Teton Deers

Is The Brain Analog Or Digital?

In Achieving the Buddhist Mean I wrote there is a mystery to music that cannot be put into words.

That mystery is revealed when we listen to music on a vinyl record versus listening to a digital reproduction on a CD or iPod. There is a difference between the two experiences.

Vinyl records are analog. The music is an exact replication of the live session because sound waves physically impress themselves on the recording medium.

Digital recordings take the live session and translate it into a series of bits.

The gathering and interpretation of those bits require an intermediary. A mathematical translation. A simplification.

When something intervenes with the original reverberations of the notes then a part of the music is lost.

Analog is a physical impression of the original. There is a direct link between the live performer and the recording.

Digital is an abstraction. The link between the live performer and the recording has been severed. The connection is lost.

The human ear is analog. Sound waves strike the eardrum, causing it to vibrate. The vibrations are passed to three small bones in the middle ear, which transmit them to a series of tubes. Within some of those tubes are tiny hair cells that pick up the vibrations and convert them to nerve impulses which the brain interprets as sound.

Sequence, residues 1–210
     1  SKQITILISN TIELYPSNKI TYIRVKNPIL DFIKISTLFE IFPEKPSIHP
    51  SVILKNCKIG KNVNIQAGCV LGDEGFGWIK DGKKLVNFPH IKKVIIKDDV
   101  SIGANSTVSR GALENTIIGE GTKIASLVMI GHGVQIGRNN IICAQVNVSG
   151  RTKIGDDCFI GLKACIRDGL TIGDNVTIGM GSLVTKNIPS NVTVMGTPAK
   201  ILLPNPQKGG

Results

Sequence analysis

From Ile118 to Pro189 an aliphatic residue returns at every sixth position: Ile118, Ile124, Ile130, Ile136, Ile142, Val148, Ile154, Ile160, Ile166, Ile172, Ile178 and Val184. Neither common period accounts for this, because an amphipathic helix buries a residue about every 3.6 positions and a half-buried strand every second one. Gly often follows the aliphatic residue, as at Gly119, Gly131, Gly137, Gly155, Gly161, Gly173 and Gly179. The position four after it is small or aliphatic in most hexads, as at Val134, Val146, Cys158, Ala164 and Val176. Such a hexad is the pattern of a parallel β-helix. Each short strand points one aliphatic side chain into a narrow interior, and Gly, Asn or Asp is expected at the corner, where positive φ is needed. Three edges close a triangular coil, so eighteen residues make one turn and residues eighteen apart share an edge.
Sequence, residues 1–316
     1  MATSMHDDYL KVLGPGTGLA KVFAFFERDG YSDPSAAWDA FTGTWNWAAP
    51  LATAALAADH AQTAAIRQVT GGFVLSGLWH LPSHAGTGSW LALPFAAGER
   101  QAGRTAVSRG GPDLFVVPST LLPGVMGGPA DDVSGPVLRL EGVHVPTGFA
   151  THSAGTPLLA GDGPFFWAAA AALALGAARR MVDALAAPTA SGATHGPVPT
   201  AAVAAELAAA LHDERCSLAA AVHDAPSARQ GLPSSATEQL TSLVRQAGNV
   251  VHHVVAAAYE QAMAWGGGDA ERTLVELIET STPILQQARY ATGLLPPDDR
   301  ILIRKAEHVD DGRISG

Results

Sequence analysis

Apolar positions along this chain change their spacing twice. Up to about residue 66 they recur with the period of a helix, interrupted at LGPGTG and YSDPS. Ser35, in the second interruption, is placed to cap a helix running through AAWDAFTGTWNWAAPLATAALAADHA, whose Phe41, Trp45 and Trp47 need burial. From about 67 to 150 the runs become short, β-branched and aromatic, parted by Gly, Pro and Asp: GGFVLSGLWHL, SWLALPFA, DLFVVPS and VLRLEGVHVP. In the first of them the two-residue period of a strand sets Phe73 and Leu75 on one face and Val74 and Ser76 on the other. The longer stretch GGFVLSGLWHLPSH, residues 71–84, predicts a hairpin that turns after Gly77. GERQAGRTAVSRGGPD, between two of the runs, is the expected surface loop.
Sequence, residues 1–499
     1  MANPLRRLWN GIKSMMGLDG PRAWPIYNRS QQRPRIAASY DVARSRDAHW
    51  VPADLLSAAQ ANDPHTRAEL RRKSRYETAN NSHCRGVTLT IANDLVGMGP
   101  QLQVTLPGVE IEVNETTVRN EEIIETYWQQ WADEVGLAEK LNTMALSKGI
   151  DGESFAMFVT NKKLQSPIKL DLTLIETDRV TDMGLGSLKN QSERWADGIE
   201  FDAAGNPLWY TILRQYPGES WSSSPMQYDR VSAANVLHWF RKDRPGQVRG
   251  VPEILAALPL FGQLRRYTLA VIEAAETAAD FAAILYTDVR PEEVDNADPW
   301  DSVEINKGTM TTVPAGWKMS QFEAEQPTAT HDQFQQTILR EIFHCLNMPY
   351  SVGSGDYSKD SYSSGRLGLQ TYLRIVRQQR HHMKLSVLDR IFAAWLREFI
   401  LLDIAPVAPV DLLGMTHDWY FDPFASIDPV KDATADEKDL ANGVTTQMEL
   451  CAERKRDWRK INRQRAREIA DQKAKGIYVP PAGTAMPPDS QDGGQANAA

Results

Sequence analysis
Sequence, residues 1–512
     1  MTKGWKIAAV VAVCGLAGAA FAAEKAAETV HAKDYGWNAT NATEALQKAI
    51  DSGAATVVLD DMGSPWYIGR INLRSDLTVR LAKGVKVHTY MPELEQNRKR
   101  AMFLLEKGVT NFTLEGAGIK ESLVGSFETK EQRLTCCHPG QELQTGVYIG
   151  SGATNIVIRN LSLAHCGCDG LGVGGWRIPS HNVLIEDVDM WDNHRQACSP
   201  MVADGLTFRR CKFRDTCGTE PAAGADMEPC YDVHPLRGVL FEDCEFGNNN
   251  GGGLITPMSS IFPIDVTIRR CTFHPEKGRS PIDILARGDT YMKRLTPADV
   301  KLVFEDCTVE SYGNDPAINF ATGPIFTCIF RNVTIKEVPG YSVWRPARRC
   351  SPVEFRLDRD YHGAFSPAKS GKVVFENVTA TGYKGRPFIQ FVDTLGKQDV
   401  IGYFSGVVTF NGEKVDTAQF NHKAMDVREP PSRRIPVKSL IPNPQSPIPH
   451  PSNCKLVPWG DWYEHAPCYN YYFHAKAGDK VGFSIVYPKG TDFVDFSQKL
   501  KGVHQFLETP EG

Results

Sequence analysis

What is still up for debate is whether the brain's interpretation of sound is an analog or digital process.

Does the brain sever the link with the live performance when it converts the physical impression of music to nerve impulses? Are nerve impulses an abstraction in the same way digital music is a series of 1s and 0s?

Or does the brain keep the physical impressions in tact as it interprets the sound?

Edward Singlerland in Trying Not To Try ‒ The Art and Science of Spontaneity argues that the brain is analog:

"No one would deny that our sensory organs are analog: sound waves and light waves impress themselves on our embodied mind in much the same way that analog recordings and photographs are made.

However, even the "higher" regions of our brain, like the cerebral cortex, look a lot more like an old eight-track player than my iPhone.

The neural architecture in the cortex seems built to manipulate two-dimensional, imagistic maps rather than digital symbols.

There is also a huge and constantly growing body of experimental evidence suggesting that the way people actually think looks imagistic rather than abstract. We think of our lives as journeys, reason about fairness by drawing upon physical balance, and viscerally experience evil as darkness or pollution, good as light and purity."

Edward Slingerland, The Art and Science of Spontaneity

I am in the analog camp. The sounds and images I experience impress themselves upon me. They change me viscerally. Imprint my soul.

I believe there is direct link between a phenomena and how I see, hear and feel it. The connection is not severed by my brain nor is the experience manipulated into abstraction.

It is real

-J.D. Stein | April 2014

Robets, Idaho

Roberts, Idaho

"Music has the ability to enter inside and pluck at the heartstrings."

‒ Confuscian saying